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I work with anyone that can act and emote, feel comfortable with exposing their personal, vulnerable side to the camera, and be willing to look natural and imperfect. I want the viewers to feel that the subjects are real and human, be able to connect with them and relate to their thoughts. I don’t want them to think that the girl in the picture is larger than life or feel intimidated by her supermodel persona.

I started off with the traditional approach of working with models to build my repertoire. But I enjoy creating art with newbies and non-model folk as well. They don’t have a perfected posing routine and it’s refreshing to document their natural, shy self. I get asked why I don’t shoot more women of colour, or of varying body sizes, or male subjects for that matter.

There is no bias or prejudice in my work, I’m interested in telling the stories and capturing the beauty of every person. But it takes time to experiment, learn and evolve, I don’t create art to check boxes off a list.

5) How does your experience in studying film and cinematography bleed into the way you approach photography?

Mirror mirror on the wall, who is the darkest of them all?

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Going to film school was the single most enriching experience of my life. All the lessons of direction, narration and working with actors that I picked up in film school are abundantly used in my photography. Not to mention the technical aspects of working with light and the camera, composition and framing as well.

Film is nothing but moving images, of say 24 frames in a second. A scene in a movie requires dialog, action, music, editing, set design and other elements to convey the story.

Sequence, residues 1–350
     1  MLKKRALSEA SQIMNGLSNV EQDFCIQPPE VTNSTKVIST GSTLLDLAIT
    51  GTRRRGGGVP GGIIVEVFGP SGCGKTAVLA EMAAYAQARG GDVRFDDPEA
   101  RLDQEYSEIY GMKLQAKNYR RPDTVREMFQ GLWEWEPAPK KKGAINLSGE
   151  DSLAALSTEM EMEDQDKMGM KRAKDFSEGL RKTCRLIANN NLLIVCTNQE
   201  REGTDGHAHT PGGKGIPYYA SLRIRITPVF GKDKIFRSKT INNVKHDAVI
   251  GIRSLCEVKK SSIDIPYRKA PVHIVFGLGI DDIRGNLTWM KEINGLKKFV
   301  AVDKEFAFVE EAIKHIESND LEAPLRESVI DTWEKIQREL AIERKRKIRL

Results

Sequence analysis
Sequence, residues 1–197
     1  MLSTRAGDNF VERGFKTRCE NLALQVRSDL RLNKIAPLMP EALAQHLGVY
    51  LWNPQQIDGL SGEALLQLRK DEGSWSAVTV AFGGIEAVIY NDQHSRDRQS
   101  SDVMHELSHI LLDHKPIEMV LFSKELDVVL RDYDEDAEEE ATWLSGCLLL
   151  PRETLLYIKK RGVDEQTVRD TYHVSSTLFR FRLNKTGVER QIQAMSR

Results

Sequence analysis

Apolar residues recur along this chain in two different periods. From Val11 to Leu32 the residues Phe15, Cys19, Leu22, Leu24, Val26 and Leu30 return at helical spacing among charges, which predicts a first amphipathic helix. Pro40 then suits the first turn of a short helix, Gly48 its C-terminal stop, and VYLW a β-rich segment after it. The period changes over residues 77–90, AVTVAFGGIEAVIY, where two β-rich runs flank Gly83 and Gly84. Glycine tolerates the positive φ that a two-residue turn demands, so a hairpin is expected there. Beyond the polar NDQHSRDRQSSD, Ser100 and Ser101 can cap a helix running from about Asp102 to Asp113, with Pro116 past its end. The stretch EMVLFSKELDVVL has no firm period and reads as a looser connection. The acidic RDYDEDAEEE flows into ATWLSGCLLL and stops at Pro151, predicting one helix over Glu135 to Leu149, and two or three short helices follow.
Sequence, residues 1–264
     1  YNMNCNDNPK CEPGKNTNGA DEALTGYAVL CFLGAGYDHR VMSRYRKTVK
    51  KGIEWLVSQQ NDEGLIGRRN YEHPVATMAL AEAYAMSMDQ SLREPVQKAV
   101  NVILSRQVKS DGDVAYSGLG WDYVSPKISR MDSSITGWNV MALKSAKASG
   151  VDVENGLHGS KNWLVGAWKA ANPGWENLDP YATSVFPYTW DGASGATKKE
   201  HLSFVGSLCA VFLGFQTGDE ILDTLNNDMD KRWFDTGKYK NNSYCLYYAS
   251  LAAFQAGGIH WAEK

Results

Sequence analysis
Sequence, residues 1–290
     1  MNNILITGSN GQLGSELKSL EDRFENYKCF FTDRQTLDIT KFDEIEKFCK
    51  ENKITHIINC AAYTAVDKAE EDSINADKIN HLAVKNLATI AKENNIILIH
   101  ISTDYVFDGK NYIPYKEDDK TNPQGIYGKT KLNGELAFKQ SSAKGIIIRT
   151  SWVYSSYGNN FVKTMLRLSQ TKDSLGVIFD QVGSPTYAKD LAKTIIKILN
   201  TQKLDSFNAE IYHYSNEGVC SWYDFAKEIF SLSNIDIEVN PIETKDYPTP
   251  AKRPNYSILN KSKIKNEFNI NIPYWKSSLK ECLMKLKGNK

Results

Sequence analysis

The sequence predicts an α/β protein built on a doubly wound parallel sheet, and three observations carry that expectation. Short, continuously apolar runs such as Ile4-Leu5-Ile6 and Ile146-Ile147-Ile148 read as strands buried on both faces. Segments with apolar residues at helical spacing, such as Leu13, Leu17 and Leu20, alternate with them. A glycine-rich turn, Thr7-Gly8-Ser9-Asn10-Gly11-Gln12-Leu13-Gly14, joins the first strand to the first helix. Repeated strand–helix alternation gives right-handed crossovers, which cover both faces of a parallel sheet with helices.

If I could tell a story visually through a single frame, that excites me. Photography allows lesser exposition in narration compared to film, and more abstractness and subtext which I love to exploit.

6) Since nude photography can be a sensitive topic, what are challenges you face while shooting?

Maid of the mist. Breanna by the sea, on a chilly San Francisco morning.

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I did most of my work in San Francisco, Seattle or Portland which are progressive cities in general. If at all, I’m only less radical or more old school than the local artistic communities there. With my nude photography, the priority was always to ensure that the model feels safe and comfortable during the shoot.

That wasn’t a challenge per say because they are all trusting and open-minded. I always take the time to get to know them, allow each other to understand our background and motivation, and build our work organically. I can’t recollect facing any challenges though, it’s probably a question better addressed to the models.

7) Now that you’re back in India, are there any upcoming projects from you we can look forward to?

Well, India is definitely a place where nude photography is a sensitive topic, so that will be a challenge. And modelling, in general, seems to be more commercial here, and fashion-centric or glamour oriented.

So I’m hoping to break some ground, although I’m not familiar with the art scene yet. I would love to invade galleries with my work, get commissioned projects, sell prints and have the common man/woman connect with my art. It’s been just a few weeks since I moved back home, I don’t have any upcoming projects yet.

To check out more of Anjan’s work have a look at his official website, and don’t forget to follow his Instagram page to stay updated with his projects.

Featured Image Credit: Anjan Kumar

Written by Disha Mukherjee